Book Review: “God’s Grand Game: Divine Sovereignty and the Cosmic Playground.” Steven Colborne. London: Tealight Books. 2019. 251 pages.
“God’s Grand Game” is Steven Colborne’s personal gnosis of a Monotheistic God. (Note 1) He defines his God as “a spiritual being, which I like to call God, is animating all the processes that lead to my experience of my body and the world in which I exist.” (pg.19). His gnosis is “everything you do is what God is doing through you.” (Author’s emphasis, pg. xi). The title is derived from “the Universe… can be seen as a cosmic playground, in the way in which God sovereignty unfolds all activity in existence might be fittingly described as ‘God’s Grand Game.’” (Author’s emphasis, pg. xii).
Mr. Colborne discusses his spiritual journey from being an Atheist as a teenager to receiving his personal gnosis of his God years later. When his mother became ill, she introduced him to New Age spirituality. After her death, he ended up in a cult-like group led by Ratu Bagus, who taught “shaking meditation.” After leaving that group, he entered psychotherapy, which became a spiritual experience for him. After a series of mental breakdowns and being institutionalized, he heard promptings from a Monotheistic God. During his cycles of illness and recovery, Mr. Colborne studied philosophy and theology, completing a post-graduate course at the University of London.
Through the Way of Reasoned Inquiry (Note 2), the author uses spiritual philosophy to delve into the Divine and its wisdom. First, he presents the nature of this God and his logic for this nature. He defines his God as “omnipresent, omnipotent, omniscient, living, and real,” among other attributes. (pg. 24). From this definition stems his thesis of God as the Sovereign Being who makes free will impossible, hence people become players on his playground. The lack of free will is a relief for Mr. Colborne since it eliminates sin. He writes, “The problem is that if we are not really in control, then how do we make decisions about right action? The answer is in the dimension of ultimate reality is that God will take care of this… We must struggle to do what we believe is right…. God is the guiding force in our decisions and that nothing will ever happen outside of His sovereign will.” (pg. 150).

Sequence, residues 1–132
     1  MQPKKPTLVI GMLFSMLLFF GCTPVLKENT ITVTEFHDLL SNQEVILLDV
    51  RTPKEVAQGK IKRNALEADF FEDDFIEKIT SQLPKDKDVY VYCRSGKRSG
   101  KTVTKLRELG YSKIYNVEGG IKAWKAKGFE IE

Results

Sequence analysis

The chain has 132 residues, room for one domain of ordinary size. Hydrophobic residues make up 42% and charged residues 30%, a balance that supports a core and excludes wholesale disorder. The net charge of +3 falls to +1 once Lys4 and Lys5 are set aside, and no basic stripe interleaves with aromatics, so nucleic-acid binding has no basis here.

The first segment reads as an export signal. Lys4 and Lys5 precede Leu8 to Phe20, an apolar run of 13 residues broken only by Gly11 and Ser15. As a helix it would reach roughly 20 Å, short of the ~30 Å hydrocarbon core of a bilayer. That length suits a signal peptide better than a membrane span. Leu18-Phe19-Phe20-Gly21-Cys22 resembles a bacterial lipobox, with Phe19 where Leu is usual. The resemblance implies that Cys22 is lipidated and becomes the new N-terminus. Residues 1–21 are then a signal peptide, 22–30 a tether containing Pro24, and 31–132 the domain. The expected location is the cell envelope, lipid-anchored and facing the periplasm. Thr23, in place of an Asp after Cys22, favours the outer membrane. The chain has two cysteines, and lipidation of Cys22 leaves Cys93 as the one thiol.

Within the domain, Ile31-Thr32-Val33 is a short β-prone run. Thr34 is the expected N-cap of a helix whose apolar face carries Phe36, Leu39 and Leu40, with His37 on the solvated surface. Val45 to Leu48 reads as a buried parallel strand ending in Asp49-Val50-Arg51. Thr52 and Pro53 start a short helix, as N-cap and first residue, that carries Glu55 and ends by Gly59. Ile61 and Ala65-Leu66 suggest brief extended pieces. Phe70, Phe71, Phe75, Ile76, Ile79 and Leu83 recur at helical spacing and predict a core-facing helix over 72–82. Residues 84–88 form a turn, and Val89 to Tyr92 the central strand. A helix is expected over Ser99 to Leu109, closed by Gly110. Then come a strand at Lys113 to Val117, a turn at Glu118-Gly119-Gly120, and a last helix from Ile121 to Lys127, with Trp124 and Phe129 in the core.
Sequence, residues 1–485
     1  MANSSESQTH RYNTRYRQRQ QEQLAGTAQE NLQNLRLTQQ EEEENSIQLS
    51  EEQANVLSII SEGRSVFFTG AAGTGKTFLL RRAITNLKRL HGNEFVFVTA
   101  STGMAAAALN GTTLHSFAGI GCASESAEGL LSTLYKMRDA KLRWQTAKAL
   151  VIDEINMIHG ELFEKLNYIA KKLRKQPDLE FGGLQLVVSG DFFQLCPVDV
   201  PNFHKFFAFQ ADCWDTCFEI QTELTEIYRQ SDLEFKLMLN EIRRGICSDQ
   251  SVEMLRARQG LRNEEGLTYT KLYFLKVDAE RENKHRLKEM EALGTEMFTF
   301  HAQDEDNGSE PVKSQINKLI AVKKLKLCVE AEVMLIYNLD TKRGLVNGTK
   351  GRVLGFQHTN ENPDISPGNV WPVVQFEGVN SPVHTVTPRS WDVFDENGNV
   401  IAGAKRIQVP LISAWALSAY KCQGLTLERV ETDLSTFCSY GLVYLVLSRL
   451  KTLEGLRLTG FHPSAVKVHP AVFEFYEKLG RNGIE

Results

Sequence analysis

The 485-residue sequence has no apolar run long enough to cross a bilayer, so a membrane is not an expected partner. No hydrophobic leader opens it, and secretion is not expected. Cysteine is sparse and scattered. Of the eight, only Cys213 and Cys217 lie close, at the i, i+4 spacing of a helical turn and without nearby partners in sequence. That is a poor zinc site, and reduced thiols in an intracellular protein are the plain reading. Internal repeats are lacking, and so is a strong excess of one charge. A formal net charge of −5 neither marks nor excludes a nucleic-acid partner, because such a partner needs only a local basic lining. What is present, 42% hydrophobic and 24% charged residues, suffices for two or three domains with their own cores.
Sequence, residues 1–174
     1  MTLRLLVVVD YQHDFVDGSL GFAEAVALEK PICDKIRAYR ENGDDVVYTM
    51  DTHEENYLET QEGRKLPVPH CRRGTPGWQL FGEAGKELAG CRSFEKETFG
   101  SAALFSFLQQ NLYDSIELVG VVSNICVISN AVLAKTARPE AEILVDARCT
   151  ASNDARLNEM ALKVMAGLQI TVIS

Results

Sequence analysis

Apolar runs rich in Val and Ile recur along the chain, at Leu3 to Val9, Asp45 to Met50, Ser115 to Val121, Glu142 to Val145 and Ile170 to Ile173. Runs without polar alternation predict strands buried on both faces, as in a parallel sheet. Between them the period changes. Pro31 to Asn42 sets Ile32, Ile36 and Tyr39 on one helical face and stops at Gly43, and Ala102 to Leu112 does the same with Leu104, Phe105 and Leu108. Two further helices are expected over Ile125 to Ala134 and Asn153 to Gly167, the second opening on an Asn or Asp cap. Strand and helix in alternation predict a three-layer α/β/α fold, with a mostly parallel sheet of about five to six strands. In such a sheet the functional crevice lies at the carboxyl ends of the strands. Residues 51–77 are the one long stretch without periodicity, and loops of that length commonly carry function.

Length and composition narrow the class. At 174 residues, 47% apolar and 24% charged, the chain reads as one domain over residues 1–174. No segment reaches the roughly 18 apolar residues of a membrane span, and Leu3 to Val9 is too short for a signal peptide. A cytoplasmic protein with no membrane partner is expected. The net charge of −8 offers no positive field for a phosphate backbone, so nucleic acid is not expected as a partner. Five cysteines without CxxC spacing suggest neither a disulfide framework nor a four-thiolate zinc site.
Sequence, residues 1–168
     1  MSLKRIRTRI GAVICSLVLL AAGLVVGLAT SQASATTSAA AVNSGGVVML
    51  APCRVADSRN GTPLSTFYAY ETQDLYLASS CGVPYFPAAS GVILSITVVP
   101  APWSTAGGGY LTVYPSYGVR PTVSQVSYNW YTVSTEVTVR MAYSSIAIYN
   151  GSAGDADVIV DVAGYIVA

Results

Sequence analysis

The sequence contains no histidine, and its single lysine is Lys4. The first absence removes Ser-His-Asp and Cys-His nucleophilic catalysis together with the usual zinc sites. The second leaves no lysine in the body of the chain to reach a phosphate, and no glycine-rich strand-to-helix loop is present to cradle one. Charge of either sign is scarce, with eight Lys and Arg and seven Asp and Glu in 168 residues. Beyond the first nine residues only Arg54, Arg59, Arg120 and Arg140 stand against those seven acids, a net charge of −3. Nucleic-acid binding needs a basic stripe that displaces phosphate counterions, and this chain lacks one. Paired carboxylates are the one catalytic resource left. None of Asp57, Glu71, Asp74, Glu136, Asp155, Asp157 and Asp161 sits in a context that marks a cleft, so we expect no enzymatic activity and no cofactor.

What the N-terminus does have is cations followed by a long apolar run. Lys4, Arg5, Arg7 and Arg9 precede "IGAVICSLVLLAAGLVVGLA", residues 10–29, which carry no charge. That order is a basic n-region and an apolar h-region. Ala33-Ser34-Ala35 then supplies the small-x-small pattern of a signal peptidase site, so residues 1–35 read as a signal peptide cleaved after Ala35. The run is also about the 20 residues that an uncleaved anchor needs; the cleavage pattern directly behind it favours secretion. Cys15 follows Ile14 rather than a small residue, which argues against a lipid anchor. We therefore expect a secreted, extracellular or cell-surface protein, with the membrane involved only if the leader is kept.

For each chapter, he sets up a philosophical dilemma such as “the myth of the Fall,” “hearing voices or hearing God,” and “creation and evolution.” After presenting the dilemma, he provides a proof of how to solve it. The value of this book for me is how Mr. Colborne resolves his personal gnosis with existing lore. He defines this God and presents standard arguments against his definition and thesis. The author then resolves it.
What Mr. Colborne attempts to do is provide answers to several problems that plague monotheistic belief. He says that since everything is an expression of God’s will, that God is the source of good and evil. (God does experience his own agony and hell.) He has good reasons for people to suffer since it is a part of his grand game. People need to trust in God’s wisdom and still strive do the right action in their lives.
Since Monotheism is totally embedded in Western culture, it is difficult for people like the author to question their assumptions about religion and the Divine. The basic structure of modern Western culture from time as an upward pointing arrow to there being only one universal divinity is built from Monotheistic theology. Therefore concepts such as “God is all-powerful” and “God’s Grand Plan” are assumed to be universal and factual. To define a Monotheistic God as something other than the “One True God” is unthinkable. Thinking that other Gods have agency is rejected for reasons of sin and illogic.